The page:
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Dogme: A teacher's view

by Jo Bertrand, Teacher, Materials writer, British Council Paris

In this article one teacher gives us her view of how the ideas and principles of a new approach to teaching have shaped her classroom practice.

Dogme is...

Dogme is a teaching philosophy. It goes beyond the standard pedagogical methods that we are so often used to hearing about.

Scott Thornbury is the main force behind this revolutionary movement. He and his colleagues realised that too many classes were being invaded by lesson plans, textbooks, workbooks, tapes, transparencies, flashcards, cuisenaire rods, tapes and other such gimmicks that the students themselves were no longer (assuming they once had been) the focus of the lesson. By inventing Dogme they've put the learner back into learning.

There are Dogme rules that can be followed but in true Dogme style they are there to be bent and moulded to your own teaching context. Here are some of the main ones:

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My Dogme classroom

The students aren't seated behind desks. It's much harder for them to express themselves in this artificial setting. There's no reason why they can't have some paper and pens but definitely no textbook. I always have a paper board or white board for them to use, if possible some comfy chairs or with larger classes a comfy floor space and cushions, and some music playing in the background. In a 'pure' Dogme classroom though there wouldn't be music unless produced by the students themselves. The atmosphere should definitely be relaxed. Once the students understand the concept of autonomy and controlling their learning I find they are far more willing to participate, lead the sessions and discipline almost becomes a thing of the past. They soon enter the classroom brimming with ideas and enthusiasm while you sit back and facilitate the learning process rather than drown it.

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Learner objectives

Before looking at the detail of a lesson itself I always begin the year by looking very closely at the students' objectives. With younger students the linguistic objectives are more likely to resemble each other, but the older they get the more aware they'll be of why they're learning English and what areas they need to work on. However this is not always the case and spending time on this before you launch into a course makes so much sense to the learners themselves as you progress through the year. The advantage of doing this is that each lesson the students can refer back to their personal objective sheet and relate everything they choose to do in class to at least one of their objectives.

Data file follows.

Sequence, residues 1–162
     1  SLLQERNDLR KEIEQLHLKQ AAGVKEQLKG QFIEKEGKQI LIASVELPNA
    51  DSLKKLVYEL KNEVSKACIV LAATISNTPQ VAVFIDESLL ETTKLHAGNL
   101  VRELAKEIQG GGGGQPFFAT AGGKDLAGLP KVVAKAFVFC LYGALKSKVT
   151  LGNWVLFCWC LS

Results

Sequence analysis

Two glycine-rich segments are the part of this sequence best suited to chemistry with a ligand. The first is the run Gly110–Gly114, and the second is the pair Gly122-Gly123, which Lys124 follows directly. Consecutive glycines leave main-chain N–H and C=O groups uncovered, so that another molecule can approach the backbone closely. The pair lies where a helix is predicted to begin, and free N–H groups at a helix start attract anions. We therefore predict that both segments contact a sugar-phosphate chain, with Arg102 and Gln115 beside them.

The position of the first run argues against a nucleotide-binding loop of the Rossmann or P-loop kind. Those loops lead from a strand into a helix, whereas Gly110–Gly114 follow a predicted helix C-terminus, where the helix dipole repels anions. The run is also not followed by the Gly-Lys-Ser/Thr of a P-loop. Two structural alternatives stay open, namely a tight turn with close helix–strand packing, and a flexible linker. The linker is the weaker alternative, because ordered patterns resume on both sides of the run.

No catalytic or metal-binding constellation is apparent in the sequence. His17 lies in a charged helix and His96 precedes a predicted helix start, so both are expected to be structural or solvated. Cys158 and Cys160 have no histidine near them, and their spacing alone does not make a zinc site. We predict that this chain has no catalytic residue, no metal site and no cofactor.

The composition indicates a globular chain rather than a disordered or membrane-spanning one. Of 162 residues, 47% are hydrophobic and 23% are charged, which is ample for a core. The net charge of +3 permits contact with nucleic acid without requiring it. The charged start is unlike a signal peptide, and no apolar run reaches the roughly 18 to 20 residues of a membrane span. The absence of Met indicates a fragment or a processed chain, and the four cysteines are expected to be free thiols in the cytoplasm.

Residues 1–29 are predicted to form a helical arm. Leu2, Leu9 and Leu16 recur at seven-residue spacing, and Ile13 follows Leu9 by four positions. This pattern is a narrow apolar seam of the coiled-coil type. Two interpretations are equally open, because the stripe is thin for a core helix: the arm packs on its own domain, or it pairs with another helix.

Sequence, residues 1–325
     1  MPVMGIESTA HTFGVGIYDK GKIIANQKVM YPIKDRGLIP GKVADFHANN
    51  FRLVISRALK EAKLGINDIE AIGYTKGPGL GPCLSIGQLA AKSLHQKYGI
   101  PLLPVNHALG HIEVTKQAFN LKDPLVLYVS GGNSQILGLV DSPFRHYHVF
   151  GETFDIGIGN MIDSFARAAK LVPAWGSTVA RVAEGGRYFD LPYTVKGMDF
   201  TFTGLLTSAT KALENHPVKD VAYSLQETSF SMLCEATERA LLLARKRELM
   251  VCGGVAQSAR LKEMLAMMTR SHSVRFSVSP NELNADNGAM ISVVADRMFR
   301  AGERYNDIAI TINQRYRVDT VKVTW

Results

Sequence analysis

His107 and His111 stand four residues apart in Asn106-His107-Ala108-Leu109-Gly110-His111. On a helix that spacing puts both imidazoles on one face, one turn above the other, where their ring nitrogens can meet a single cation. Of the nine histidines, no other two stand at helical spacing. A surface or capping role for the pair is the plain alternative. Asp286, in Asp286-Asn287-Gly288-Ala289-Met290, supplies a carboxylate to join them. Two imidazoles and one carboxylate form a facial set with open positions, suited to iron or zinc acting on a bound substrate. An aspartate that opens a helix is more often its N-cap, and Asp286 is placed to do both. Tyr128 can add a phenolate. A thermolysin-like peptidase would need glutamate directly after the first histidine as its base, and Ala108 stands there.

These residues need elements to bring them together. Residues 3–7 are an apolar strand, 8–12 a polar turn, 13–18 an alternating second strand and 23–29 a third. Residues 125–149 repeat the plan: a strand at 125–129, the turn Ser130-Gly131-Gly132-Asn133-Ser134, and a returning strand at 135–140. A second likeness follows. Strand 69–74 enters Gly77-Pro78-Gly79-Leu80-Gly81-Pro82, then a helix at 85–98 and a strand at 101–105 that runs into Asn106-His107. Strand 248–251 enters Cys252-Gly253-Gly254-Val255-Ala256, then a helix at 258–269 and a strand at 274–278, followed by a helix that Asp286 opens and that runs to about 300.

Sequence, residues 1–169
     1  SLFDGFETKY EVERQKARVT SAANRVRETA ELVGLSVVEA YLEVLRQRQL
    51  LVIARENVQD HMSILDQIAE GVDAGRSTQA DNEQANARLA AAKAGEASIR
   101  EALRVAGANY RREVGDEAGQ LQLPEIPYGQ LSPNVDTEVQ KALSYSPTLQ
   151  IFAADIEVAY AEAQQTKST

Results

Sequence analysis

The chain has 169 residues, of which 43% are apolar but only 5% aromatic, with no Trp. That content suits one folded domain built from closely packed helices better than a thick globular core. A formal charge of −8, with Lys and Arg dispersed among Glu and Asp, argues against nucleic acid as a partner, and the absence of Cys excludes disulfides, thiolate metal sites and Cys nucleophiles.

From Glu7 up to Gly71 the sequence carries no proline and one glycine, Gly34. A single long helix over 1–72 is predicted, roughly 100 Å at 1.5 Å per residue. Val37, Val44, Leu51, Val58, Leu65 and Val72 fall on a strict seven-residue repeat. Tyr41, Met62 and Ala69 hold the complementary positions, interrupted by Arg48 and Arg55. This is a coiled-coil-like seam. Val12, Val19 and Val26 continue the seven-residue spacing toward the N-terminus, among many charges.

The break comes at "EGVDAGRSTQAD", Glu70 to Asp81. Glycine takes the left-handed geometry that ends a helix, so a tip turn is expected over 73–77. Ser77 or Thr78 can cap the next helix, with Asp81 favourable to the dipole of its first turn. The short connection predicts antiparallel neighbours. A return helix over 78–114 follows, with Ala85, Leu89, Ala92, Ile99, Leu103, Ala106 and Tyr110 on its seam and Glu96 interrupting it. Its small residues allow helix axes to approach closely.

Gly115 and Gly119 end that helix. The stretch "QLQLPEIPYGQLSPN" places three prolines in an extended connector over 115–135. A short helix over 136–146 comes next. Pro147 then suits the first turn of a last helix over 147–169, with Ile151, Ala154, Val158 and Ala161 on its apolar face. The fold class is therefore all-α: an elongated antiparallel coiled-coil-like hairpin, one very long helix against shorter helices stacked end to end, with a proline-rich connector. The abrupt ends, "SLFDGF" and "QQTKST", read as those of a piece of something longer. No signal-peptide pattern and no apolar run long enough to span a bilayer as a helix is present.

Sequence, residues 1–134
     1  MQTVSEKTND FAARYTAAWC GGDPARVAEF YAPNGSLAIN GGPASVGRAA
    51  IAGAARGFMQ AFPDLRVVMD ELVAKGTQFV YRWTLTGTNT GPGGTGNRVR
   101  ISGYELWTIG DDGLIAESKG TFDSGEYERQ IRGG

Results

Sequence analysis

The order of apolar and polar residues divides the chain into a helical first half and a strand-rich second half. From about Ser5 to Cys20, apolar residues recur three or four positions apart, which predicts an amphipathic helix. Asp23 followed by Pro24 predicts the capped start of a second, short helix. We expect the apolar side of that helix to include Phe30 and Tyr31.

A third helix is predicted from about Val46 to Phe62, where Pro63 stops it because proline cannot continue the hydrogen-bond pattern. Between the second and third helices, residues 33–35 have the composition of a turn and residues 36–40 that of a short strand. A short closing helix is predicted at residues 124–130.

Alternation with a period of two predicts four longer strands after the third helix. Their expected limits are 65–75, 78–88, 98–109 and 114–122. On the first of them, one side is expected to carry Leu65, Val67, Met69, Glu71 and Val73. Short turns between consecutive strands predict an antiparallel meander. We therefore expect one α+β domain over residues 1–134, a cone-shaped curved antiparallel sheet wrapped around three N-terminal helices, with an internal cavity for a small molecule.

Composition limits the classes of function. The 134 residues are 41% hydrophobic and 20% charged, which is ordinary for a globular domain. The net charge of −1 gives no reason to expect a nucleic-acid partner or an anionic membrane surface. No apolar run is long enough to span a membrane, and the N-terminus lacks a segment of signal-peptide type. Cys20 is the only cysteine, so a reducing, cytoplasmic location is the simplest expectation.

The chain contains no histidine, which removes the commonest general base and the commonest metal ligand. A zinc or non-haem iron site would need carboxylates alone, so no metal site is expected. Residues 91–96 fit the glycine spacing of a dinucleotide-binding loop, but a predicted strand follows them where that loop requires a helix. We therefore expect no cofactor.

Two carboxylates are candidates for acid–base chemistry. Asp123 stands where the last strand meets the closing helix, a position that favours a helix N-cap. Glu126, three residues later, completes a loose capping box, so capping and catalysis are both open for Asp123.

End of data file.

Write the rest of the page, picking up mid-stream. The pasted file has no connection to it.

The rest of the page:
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The lesson plan

I always start a lesson by putting the class into three or four smaller groups. How you organise this stage of the lesson will obviously depend on the number of students you have in your class.

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The Dogme file

I do find it helpful for students to have a file of what they learn and I advise on ways to record their work. It is of course up to them how they organise their files but it's useful to guide them on the various possibilities in the beginning. I do say though that they should keep it a monolingual file as much as possible.

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Pros

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Cons

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Conclusion

For me, the Dogme classroom is far removed from the preconceived idea of a lazy teacher, not having prepared their lesson, walking in and saying "So what do you want to talk about today?". It's so much more than an open conversation class. It involves a hidden structure which allows the students to become autonomous in their learning and gives them complete control over what they learn and how they learn it. You are there to guide the process and watch your learners bloom into enthusiastic English speakers.

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